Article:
Looking back on AI events in March 2018
ESSV 2018, Ulm
Conference for Electronic Speech Signal Processing
From March 7th to 9th 2018 the ESSV, Conference for Electronic Speech Signal Processing, took place in Ulm for the first time. The purpose of the event was to bring together experts in language technology research and application. It is no coincidence that Ulm was chosen as venue for this year's conference. The first speech output and speech recognition systems were developed here by AEG-Telefunken as early as the 1970s.
Dr Felix Burkhardt, expert for text, speech and language technologies, represented Deutsche Telekom at this event. His intention was to expand his network, have an exchange about latest developements and speech research results at German universities.
The three-day event was opened with a greeting by Ulm’s University President, Prof. Dr-Ing. Michael Weber. He then handed over to Geert-Jan Kruijff, Technical Product Manager at Nuance Communications. Nuance Communications develops solutions for in-car voice control, from acoustic pre-processing to voice dialog. In his lecture, Kruijff presented basic technologies and skills needed to bring a mobile cognitive assistant to life.
The ensuing contributions, given by representatives of Daimler AG, also dealt with language assistance. Daimler AG researches and develops its own voice control systems - from dialog design to vehicle testing. For example, they presented the results of an explorative internet study on multi-intents in speech dialog systems. The system used graphical instructions to collect spontaneous user speech input. All tasks were related to automated driving, requiring test persons to formulate a varying number of intentions in their statement. An analysis of these statements revealed indications that not only dialog entry can be relevant as context for multi-intention statements.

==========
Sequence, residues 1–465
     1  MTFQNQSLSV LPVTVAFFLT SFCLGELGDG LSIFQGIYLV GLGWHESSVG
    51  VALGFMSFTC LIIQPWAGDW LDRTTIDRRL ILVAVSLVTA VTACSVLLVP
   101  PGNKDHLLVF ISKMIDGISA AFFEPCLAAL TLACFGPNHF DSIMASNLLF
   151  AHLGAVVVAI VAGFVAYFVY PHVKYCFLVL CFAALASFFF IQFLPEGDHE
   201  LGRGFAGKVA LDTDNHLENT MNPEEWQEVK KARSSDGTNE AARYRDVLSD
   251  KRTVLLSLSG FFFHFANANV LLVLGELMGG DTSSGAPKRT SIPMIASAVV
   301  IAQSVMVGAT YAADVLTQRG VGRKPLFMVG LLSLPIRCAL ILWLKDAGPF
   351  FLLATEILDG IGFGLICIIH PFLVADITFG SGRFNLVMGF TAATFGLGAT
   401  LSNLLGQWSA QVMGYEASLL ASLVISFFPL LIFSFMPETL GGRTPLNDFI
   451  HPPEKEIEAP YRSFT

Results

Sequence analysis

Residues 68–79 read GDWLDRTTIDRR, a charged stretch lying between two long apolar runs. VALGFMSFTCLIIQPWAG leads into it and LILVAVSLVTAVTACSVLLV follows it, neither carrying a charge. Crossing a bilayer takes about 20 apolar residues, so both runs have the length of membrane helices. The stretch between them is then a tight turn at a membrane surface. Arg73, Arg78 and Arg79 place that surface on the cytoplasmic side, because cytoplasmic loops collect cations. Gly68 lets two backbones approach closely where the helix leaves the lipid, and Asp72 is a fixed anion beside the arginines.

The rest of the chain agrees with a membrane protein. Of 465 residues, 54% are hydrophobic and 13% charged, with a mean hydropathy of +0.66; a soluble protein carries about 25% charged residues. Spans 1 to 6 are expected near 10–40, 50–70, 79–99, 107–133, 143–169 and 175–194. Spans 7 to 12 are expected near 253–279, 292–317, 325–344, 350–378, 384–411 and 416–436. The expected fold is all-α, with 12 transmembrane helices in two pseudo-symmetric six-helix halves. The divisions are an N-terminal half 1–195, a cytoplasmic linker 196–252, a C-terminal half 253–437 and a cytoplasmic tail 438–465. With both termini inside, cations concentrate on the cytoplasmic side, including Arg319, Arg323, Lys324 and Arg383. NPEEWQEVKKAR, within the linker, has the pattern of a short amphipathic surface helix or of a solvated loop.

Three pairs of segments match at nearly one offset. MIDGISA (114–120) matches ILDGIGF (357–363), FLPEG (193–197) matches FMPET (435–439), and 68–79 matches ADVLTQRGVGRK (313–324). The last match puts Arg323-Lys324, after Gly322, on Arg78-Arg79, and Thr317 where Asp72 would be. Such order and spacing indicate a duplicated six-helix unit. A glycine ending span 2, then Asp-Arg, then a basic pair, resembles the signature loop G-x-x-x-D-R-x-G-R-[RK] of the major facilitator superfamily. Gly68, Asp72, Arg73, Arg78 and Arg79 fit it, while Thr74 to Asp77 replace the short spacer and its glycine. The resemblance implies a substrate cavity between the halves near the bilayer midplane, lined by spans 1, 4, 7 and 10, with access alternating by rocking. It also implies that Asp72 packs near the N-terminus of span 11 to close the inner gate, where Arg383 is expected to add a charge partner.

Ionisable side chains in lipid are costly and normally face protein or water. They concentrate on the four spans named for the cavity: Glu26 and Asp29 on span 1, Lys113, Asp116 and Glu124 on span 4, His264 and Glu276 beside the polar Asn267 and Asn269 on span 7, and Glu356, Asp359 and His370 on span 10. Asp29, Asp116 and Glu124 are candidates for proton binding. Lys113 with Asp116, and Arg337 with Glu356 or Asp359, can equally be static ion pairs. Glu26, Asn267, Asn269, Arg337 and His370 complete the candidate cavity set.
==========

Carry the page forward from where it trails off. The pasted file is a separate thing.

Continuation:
On the second day, speakers from various universities presented their research results. Dr Felix Burkhardt was particularly impressed by Stefan Ultes' contribution. In his presentation „Towards Natural Spoken Interaction with Artificial Intelligent Systems“, the University of Cambridge’s researcher gave a nice overview on how neural networks can be used in speech technology.
On the third and last day of the event, Dr Felix Burkhardt took the floor himself. His lecture „Ironic Speech – Evaluating acoustic correlates by means of speech synthesis“ dealt with the approach to evaluate ironic speech acoustic correlates by means of speech synthesis. Using a web-based listening experiment, four different characteristics were examined, pointing to ironically meant utterances in the German language: exaggerated articulation, overemphasis of the main syllable, raising the pitch at the end of a sentence and speaking with extremely low excitement. The experiment’s result: all four prosodic characteristics signaling irony led to a preference over the standard version. Consequently, recognition and ironic speech generation contributes to natural and simple human-machine communication.
In the early afternoon the conference was concluded with a closing speech by the hosts of the next ESSV. For Deutsche Telekom, Dr Felix Burkhardt took the following insight with him: " The research technology we are working with in project eLIZA is state of the art. Above all this concerns rule-based data processing support by machine-learned methods, in particular artificial neural networks".
 Daimler AG: Explorative Untersuchung von Multi-Intents in Sprachdialogsystemen